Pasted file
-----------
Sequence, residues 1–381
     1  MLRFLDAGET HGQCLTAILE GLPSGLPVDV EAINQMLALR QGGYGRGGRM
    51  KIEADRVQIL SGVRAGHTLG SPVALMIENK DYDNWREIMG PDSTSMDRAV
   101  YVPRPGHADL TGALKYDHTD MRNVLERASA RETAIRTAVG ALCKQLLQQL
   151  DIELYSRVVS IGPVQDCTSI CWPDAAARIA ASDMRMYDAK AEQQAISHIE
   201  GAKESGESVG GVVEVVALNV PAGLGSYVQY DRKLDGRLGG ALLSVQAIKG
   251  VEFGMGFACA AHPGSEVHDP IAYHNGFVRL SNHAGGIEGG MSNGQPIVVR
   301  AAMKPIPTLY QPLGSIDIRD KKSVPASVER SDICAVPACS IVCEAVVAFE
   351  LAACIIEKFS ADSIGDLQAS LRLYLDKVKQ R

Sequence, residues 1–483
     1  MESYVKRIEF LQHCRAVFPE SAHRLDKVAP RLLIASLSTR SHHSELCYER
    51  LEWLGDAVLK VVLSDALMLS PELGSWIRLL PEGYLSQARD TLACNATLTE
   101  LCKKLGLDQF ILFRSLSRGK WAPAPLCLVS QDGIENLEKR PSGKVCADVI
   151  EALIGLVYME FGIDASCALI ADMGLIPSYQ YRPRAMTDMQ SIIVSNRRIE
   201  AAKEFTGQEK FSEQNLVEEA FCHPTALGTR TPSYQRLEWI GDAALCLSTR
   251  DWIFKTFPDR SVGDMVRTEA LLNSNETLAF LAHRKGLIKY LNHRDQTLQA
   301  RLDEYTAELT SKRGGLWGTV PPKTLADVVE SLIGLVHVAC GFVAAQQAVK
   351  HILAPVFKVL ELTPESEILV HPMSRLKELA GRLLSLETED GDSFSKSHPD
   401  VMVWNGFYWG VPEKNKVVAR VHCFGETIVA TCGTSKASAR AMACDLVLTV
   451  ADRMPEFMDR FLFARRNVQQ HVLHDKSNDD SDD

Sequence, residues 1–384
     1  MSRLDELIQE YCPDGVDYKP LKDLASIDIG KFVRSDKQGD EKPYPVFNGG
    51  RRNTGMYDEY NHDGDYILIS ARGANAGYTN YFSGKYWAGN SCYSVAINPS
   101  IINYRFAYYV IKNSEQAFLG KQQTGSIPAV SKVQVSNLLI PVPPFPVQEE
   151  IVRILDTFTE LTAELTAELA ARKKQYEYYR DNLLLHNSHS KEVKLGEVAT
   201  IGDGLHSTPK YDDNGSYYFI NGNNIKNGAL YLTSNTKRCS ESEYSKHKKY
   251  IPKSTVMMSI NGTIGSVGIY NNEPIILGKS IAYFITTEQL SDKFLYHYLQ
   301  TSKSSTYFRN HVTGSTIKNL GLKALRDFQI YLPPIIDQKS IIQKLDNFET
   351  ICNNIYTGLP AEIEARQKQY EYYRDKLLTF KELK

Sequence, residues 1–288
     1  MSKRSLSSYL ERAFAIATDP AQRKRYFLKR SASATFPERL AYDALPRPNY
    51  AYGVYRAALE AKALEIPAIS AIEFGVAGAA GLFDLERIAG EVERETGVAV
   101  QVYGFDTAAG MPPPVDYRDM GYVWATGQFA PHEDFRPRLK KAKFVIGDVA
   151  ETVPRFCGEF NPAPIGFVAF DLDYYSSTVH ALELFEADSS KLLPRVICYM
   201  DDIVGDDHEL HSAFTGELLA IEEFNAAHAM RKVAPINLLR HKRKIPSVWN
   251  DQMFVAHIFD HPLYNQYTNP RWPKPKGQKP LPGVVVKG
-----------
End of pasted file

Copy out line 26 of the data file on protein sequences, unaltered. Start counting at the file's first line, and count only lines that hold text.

   201  IGDGLHSTPK YDDNGSYYFI NGNNIKNGAL YLTSNTKRCS ESEYSKHKKY